Attack 'won't change UK-Ireland travel'
The fact that one of the London attackers moved to the UK from Dublin should not alter existing travel arrangements between the UK and the Republic of Ireland, the Brexit secretary has said.
Rachid Redouane had not been known to police in the UK or in Ireland.
David Davis said the Common Travel Area (CTA) was not under threat.
He said Saturday's London Bridge attack should not "lead us to doubt the continuing existence of the CTA".
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Mr Davis confirmed security arrangements were "a continuing matter of discussions between ourselves and the Irish government" - adding that they were always under review.
Questioned on whether security was now the number one issue, he said: "Yes, probably".
Asked to give details on what steps might be put in place on the Irish border after the UK leaves the EU he said: "I am not going to go into security policy post Brexit at this stage.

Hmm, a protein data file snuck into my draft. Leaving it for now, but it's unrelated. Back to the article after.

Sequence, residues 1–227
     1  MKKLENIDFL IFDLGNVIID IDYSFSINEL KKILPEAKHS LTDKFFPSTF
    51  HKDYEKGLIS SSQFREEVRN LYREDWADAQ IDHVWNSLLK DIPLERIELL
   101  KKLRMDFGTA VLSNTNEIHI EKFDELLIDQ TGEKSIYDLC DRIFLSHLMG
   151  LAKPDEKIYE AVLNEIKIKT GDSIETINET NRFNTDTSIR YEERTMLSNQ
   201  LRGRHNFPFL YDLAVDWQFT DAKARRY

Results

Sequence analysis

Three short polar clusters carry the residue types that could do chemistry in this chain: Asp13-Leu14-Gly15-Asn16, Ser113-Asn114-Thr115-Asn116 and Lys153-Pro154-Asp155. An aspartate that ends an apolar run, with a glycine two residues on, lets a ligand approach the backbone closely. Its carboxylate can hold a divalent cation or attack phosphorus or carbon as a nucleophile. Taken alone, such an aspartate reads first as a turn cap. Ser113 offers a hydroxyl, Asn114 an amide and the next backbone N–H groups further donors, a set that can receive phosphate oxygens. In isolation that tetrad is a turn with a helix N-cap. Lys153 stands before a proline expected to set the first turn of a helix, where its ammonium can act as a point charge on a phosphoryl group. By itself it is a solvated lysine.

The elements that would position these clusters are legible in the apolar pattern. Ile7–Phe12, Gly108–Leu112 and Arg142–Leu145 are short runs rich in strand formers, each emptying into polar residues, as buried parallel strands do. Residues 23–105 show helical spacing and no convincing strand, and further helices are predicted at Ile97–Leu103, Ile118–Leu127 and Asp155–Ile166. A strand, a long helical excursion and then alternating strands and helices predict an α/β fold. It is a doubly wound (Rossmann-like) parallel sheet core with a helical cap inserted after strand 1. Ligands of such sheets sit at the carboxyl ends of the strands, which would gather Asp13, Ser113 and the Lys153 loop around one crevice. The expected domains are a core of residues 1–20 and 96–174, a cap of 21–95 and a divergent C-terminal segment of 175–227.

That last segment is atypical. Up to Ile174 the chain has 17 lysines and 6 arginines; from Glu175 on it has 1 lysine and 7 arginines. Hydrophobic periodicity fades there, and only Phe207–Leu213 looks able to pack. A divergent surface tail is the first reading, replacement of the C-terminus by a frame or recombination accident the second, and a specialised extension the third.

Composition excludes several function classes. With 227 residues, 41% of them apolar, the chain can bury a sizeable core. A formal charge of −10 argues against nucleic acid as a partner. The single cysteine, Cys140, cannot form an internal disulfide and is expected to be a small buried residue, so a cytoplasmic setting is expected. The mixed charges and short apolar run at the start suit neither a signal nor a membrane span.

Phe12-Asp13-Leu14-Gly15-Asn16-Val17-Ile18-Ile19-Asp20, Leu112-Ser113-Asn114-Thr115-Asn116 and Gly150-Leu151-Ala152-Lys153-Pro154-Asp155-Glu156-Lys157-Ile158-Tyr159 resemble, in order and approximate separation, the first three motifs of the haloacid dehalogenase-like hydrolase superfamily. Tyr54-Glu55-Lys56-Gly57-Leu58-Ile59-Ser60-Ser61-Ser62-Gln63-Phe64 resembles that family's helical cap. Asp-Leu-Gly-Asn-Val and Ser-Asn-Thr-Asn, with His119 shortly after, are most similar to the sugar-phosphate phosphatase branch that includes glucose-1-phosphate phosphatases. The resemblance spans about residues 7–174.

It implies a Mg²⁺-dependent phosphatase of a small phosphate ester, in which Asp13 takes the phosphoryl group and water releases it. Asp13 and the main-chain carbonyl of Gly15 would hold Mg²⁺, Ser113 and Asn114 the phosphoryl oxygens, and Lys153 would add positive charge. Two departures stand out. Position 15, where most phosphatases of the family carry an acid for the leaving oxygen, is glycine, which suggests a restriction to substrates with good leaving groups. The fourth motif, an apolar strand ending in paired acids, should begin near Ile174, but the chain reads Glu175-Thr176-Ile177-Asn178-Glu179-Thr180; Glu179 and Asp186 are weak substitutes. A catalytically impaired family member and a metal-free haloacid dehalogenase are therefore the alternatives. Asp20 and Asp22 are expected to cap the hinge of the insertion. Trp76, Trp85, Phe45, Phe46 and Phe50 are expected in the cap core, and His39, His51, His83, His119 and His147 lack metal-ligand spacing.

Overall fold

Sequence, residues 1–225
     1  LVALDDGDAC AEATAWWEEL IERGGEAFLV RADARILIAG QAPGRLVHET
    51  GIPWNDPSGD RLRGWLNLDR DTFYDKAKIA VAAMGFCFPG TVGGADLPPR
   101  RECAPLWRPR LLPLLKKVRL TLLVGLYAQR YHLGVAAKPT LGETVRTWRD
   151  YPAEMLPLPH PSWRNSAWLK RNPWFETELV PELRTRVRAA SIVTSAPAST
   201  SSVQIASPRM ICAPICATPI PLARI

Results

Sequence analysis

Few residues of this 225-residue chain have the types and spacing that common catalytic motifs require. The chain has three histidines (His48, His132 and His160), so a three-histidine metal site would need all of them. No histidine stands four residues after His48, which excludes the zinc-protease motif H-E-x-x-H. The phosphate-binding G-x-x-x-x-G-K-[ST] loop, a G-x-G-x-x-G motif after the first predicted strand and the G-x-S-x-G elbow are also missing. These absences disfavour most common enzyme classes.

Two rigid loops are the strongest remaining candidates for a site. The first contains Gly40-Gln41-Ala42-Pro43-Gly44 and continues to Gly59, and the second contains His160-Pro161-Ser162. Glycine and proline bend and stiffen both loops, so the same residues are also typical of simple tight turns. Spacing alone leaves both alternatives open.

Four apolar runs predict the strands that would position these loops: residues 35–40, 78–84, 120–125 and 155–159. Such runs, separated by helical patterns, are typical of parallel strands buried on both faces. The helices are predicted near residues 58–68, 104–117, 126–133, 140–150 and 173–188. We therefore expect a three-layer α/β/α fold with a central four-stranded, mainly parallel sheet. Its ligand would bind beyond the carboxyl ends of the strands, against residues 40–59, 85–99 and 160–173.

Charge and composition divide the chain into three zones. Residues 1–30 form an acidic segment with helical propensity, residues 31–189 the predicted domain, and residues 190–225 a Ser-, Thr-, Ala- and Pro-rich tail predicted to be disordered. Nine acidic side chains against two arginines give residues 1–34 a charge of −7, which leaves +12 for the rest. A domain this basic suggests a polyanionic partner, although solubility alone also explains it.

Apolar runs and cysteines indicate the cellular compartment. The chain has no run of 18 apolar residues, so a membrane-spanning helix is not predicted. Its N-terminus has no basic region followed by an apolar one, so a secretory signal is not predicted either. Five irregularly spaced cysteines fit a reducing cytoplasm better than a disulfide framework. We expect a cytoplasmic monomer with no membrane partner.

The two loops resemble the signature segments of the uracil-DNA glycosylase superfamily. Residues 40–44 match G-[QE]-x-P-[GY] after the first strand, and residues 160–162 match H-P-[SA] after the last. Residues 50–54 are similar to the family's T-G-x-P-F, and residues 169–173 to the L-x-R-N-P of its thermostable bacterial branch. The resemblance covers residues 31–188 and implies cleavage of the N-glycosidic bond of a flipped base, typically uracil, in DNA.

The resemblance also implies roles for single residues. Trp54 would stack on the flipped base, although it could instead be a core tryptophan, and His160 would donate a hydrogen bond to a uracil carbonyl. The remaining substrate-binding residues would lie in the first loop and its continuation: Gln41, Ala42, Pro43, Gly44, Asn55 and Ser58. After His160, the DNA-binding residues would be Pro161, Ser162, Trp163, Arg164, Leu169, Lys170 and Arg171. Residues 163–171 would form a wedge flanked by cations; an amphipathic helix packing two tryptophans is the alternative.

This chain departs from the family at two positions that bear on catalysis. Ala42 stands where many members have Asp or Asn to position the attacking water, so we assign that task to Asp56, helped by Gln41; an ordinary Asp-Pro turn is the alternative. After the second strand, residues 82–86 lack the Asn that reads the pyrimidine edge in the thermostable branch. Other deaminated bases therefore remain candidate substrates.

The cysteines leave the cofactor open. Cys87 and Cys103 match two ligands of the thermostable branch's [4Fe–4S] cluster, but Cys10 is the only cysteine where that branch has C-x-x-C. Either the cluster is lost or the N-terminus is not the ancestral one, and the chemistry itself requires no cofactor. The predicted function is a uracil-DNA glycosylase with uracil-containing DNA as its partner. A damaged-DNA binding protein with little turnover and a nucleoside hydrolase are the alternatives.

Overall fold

"We are talking that over with the Irish government.
"We will come to a resolution which is in the interests of both governments."
Last month, EU chief Brexit negotiator Michel Barnier said there was "always an answer" to the issue of what form the Irish border would take after Brexit.
The UK and Irish governments have both said they do not want a return to customs posts on the border after the UK leaves the EU.
The EU's negotiating guidelines call for a "flexible and creative" approach to the customs issue.
Mr Davis said: "We will take some time to get a final outcome because it will have implications that arise out of the free trade agreement we have and the customs agreement we have."
The attack in London was the third terror attack in the UK in three months, following the car and knife attack on Westminster Bridge in March, in which five people were killed, and the Manchester bombing on 22 May, in which 22 people were killed.